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IntroductionThe Soviet Union and the United States fought together as allies during World War II and their victory over the Axis left them as the two major world powers. The two powers, however, greatly disagreed over the reformation of post-war Europe. The disagreement led to communist Russia occupying Eastern Europe, while the United States remained in Western Europe. The clashes between the communist and capitalist super powers drove the two countries into the Cold War. With the introduction of weapons of mass destruction into world politics, extreme tension and animosity arose between Russia and the United States during the Cold War. Due to many factors, including the securing of German scientists after World War II, Russia’s science program was gaining on the U.S.1This fact was little known in America, however, because the post-war feeling of nationalism left America confident of her standing as the supreme country in the world. The successful launch of the satellite SputnikI by the Russians, on October 4, 1957, followed by Sputnik II, on November 3, 1957, challenged American world supremacy. The Russian achievement in space shocked the American public. The United States had been able to sustain its position as the leader of the free world because of its economic and military technology.2The U.S. government believed that a Russian superiority in space would win the admiration of the world, and thereby undermine the prestige and leadership of the United States. Such superiority might also represent a direct military threat to U.S. security.3America feared the spread of communism due to a newfound Russian technological superiority. Consequently, the American government 1John Prados, The Soviet Estimate: U.S. Intelligence Analysis and Russian Military Strength (New York, 1982), 66-76.2Walter A. McDougall, …the Heavens and the Earth(New York: Basic Books, Inc., 1985), 7.3National Security Council, U.S. Policy on Outer Space, NSC 5814, June 20, 1958, inExploring the Unknown: Selected Documents in the History of the U.S. Civil Space Program, ed. John Logsdon, (Washington D.C. NASA History Office, 1995), vol.1, 345-346.1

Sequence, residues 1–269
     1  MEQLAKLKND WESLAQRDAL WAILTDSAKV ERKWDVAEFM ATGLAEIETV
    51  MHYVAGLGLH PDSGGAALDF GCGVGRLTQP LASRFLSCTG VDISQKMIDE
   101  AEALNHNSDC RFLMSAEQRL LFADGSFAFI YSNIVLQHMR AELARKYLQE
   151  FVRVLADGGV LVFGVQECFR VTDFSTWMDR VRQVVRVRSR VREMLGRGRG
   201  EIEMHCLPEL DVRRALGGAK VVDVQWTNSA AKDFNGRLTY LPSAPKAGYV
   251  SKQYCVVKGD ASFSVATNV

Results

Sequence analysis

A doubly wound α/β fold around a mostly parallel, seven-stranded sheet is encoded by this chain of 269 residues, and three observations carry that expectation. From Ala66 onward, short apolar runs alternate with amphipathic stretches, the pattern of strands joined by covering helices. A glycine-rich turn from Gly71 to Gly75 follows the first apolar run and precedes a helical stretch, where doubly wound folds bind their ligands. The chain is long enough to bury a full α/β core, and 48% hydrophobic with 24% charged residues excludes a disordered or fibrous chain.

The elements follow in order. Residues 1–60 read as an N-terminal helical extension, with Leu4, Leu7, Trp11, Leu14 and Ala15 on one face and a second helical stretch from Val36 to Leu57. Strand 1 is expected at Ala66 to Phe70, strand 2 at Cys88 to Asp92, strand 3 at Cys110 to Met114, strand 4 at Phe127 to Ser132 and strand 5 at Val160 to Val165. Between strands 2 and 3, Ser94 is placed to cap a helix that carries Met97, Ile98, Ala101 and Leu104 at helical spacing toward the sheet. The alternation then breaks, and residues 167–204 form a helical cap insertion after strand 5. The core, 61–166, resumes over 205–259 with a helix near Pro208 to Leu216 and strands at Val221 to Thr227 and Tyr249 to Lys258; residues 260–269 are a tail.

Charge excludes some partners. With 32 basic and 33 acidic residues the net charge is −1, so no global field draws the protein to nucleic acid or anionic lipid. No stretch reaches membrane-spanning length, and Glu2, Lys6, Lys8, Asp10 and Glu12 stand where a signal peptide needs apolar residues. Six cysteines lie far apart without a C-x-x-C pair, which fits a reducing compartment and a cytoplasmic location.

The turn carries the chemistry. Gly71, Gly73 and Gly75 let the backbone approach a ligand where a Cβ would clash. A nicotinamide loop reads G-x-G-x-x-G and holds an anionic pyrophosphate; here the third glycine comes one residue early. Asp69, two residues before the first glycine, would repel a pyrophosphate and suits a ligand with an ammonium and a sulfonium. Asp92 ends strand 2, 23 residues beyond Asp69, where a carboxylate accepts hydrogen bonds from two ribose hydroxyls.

drastically sped up the United States Space program and developed the National Aeronautics and Space Act of 1958 (NASA).4The strong American reaction to the successful launch of Sputnik I greatly influenced the importance of space in foreign and domestic politics during the Cold War.How did the Russians Surpass the U.S.?The launch of Sputnikprompted Americans to ask the question: how were the Russians able to surpass us?5The Senate Armed Forces Committee, led by Senator Lyndon Johnson, immediately began an investigation of the Russian and U.S. space programs. Beginning on November 25, 1957 and continuing until January 22, 1958, the “Inquiry into Satellite and Missile Programs” heard from experts concerning the space program. The urgency with which the inquiry proceeded was reflected in the fact that sessions often lasted from 9 a.m. until 9 p.m.6The committee tried to understand how the U.S. could finish second to the Soviets. One reason Russia had surpassed America in